Carla Maclean, 19, from Abbeydale in Gloucestershire, England was found to have a hole in her heart and has faced an agonizing wait for surgery since being diagnosed with the condition three years ago.
Despite suffering from breathlessness, palpitations and headaches, Carla has been refused an operation to fix it on the National Health Service (NHS) - unless she has a heart attack or stroke. She lives in constant fear of 'dropping dead' and 'not being able to get on with normal life.'
AdvertisementMs. Maclean, a computer graphics apprentice at NHS who has been remained off work for two months said: "I'm just going to be sitting around waiting for something bad to happen. I was really shocked when they told me. When we went for the meeting I thought the specialist was going to give me a date for the operation, not tell me I couldn't have it."
The teenager added, "If I was younger or older, the NHS would do it. The NHS will only fund it if I have a heart attack or a stroke. That could leave long-term damage, or could even be life threatening."
Carla was advised by her Cardiologists that she needs a procedure called 'closure of a patent foramen ovale', where a catheter is used to place a permanent implant in her heart which will close the hole. They said that this was the only way to guarantee her health, at a minimum price of Ģ16,000.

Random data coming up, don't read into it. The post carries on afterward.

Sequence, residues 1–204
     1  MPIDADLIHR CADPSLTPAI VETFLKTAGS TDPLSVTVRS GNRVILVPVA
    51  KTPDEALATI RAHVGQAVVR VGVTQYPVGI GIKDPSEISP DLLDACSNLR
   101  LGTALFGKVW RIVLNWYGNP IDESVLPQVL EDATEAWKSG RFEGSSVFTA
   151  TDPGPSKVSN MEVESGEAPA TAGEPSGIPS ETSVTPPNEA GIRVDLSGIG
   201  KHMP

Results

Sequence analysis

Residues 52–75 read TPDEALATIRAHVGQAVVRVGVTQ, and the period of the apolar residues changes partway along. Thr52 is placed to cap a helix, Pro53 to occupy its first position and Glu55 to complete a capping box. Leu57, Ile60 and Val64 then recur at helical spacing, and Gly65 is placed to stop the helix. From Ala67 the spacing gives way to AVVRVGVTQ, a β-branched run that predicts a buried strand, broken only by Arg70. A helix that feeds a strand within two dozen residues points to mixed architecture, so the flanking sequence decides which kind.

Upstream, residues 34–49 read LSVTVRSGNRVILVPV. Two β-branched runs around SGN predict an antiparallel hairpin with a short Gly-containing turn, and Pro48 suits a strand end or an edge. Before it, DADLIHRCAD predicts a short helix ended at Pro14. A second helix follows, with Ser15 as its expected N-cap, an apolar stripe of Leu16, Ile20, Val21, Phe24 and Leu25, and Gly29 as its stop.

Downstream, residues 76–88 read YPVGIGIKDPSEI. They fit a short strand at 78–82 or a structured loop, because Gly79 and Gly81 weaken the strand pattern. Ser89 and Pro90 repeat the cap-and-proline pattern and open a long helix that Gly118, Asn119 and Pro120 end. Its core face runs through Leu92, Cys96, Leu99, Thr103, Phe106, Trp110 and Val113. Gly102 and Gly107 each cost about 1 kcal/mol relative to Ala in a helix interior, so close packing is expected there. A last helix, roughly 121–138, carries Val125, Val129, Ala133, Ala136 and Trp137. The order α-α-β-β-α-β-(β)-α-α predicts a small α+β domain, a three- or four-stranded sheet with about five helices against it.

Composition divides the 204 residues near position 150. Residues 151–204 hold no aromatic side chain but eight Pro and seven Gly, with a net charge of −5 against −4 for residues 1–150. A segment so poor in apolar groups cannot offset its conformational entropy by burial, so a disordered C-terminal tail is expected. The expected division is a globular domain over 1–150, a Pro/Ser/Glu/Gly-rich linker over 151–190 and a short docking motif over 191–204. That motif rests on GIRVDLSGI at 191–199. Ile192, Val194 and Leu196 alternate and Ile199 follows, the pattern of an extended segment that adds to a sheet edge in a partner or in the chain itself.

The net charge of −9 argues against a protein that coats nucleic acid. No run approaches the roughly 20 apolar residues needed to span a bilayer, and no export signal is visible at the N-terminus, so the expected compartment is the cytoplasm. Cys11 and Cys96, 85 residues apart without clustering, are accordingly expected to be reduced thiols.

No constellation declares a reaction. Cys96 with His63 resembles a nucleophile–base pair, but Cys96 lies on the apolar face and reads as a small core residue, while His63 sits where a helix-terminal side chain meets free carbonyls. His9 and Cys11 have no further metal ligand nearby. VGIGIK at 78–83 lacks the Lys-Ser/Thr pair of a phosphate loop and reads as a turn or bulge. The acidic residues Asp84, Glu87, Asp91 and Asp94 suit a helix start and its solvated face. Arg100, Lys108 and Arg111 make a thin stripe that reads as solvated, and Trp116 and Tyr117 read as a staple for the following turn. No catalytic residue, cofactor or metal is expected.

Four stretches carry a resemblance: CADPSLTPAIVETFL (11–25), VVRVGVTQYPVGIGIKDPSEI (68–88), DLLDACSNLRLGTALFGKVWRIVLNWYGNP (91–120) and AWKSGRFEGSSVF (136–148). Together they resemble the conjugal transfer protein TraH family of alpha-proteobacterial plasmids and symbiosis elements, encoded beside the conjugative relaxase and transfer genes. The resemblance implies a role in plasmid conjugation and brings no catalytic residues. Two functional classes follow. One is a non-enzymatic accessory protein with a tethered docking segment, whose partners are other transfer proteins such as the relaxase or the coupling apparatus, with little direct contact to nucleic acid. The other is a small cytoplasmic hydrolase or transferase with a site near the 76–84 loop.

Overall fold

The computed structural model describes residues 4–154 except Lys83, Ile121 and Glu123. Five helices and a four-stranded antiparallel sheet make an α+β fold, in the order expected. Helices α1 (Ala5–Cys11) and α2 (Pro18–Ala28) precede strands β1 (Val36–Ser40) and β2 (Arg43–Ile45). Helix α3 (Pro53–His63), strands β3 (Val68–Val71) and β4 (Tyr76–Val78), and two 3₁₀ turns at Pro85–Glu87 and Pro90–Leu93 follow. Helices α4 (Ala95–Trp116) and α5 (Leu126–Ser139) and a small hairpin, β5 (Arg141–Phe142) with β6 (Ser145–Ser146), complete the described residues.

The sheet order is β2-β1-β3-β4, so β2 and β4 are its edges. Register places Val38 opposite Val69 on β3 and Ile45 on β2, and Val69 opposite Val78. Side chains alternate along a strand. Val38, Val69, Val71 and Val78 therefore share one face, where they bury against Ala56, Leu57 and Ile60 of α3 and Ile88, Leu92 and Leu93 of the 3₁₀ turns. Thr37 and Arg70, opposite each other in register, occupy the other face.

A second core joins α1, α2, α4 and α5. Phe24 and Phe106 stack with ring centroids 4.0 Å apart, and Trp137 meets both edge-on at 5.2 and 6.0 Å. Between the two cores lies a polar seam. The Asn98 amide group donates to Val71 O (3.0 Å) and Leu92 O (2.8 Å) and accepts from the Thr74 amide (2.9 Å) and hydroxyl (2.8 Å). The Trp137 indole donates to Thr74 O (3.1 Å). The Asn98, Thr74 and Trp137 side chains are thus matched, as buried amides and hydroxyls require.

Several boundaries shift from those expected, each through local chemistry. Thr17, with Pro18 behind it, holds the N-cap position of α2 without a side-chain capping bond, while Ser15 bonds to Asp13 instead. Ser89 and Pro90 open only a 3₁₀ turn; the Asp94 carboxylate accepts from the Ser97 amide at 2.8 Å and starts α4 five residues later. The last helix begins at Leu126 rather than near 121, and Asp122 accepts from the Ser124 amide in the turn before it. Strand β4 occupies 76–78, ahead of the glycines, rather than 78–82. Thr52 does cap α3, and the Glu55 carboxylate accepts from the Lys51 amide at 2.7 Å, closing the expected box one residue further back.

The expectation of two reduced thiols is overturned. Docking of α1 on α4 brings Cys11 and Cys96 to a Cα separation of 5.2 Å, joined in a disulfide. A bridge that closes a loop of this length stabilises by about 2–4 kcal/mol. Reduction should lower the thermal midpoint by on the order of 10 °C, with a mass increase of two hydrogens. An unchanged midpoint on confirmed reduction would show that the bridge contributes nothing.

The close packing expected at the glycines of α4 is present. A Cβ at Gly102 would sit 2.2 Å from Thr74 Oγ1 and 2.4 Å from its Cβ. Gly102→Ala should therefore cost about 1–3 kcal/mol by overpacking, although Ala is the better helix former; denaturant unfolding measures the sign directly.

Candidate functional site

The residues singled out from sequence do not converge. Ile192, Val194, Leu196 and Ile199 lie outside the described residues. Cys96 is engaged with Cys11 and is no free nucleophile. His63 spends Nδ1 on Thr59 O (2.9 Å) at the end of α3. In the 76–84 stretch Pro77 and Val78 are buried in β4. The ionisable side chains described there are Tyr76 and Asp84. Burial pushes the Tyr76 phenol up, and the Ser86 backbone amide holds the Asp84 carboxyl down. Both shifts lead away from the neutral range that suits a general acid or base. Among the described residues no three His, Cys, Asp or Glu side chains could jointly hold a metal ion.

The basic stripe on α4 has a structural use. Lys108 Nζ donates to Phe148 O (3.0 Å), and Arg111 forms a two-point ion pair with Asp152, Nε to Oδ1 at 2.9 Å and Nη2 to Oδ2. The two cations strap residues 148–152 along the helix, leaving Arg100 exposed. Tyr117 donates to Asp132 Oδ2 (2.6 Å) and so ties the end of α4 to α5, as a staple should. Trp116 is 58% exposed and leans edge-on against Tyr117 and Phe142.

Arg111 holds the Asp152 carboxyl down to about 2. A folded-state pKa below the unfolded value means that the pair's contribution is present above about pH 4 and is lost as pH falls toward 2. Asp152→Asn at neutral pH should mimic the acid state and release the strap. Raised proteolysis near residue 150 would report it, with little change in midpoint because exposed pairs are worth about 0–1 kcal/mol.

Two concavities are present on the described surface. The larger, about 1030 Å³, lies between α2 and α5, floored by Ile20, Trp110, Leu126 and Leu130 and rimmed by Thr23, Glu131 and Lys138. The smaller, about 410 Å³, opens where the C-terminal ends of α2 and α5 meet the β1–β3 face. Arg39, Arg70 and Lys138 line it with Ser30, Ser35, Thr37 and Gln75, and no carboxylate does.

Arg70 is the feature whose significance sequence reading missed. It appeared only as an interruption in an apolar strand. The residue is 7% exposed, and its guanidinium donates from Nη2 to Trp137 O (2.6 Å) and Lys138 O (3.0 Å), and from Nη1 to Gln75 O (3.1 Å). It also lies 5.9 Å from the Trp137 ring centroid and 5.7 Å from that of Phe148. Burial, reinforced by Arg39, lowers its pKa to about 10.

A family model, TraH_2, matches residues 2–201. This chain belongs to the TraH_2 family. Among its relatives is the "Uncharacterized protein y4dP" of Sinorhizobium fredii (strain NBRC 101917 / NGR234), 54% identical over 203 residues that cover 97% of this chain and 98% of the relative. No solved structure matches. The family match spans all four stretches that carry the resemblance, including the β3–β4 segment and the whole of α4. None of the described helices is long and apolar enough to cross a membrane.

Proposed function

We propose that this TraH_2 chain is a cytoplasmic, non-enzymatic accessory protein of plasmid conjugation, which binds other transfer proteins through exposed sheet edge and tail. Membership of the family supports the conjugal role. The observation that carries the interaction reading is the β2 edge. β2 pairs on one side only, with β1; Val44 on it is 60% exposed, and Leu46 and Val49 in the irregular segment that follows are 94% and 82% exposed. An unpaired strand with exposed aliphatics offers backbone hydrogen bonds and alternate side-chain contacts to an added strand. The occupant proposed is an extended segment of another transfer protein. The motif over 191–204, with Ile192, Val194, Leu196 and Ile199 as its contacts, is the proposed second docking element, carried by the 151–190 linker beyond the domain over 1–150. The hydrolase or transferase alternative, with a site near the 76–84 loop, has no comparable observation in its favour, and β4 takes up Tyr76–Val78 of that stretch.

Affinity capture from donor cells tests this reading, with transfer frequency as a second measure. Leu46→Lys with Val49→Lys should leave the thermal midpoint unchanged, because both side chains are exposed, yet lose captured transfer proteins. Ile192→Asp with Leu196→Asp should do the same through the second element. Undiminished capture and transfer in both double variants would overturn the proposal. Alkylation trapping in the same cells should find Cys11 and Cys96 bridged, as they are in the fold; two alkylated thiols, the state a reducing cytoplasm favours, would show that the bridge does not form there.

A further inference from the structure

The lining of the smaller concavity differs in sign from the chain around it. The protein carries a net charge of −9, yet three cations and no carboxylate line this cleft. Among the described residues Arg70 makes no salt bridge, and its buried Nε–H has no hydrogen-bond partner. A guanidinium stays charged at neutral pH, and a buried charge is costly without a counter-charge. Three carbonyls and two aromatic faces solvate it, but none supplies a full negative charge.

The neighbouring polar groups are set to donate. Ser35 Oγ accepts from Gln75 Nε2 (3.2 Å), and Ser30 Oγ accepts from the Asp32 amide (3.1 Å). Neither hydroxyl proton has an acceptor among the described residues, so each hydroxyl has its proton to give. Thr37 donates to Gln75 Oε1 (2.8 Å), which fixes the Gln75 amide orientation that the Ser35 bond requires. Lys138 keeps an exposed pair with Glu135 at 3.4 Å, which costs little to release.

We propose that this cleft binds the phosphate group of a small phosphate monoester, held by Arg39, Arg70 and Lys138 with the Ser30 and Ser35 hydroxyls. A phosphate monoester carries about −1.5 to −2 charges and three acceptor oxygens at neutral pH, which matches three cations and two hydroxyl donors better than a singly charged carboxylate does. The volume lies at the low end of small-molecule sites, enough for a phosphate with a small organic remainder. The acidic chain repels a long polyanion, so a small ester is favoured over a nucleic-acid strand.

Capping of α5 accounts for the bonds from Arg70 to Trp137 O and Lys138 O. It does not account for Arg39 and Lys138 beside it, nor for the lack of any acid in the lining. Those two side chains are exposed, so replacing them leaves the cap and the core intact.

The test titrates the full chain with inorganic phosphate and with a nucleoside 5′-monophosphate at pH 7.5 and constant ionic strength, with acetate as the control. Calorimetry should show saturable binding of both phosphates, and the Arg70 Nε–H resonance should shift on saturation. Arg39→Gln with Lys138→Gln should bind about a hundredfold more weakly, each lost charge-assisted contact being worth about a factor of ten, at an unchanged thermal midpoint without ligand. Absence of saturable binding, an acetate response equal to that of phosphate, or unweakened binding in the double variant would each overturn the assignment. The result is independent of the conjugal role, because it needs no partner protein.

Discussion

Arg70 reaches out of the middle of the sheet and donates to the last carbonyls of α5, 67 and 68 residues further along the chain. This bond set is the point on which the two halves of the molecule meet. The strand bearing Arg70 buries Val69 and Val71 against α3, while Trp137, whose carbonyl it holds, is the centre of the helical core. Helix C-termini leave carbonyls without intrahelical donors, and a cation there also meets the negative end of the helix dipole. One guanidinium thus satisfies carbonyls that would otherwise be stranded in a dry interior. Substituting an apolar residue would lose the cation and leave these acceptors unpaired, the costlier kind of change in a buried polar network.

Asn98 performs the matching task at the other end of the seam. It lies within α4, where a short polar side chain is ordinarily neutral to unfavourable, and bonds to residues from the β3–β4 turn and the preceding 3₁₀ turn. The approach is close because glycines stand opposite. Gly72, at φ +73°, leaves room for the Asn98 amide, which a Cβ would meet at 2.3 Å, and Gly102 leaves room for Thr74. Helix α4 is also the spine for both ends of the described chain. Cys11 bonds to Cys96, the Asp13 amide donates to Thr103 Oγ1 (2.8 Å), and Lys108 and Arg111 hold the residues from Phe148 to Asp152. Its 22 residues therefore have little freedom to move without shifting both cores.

Ms. Maclean, has written to her local medical practitioner in the hope of trying to raise the necessary funds to have the operation privately. She is believed to be suffering 'mini' strokes, but such an episode would have to be classified as 'major' before she is given the operation on the NHS. The only treatment she has received so far is blood-thinning aspirin.
Carla said, "My consultant said to me that because of my age there are no studies about the effects of a hole in the heart on my age group. All the symptoms and problems are not proven to have been caused by [the hole] so there is no information to back up funding an operation."
An NHS England spokesperson for Bath, Gloucestershire, Swindon and Wiltshire said: "Patent Foramen Ovale closure [Carla's defect] is not routinely commissioned by the NHS and would only be considered if the case is deemed exceptional by the individual's clinician. NHS England have not received an application regarding this case."
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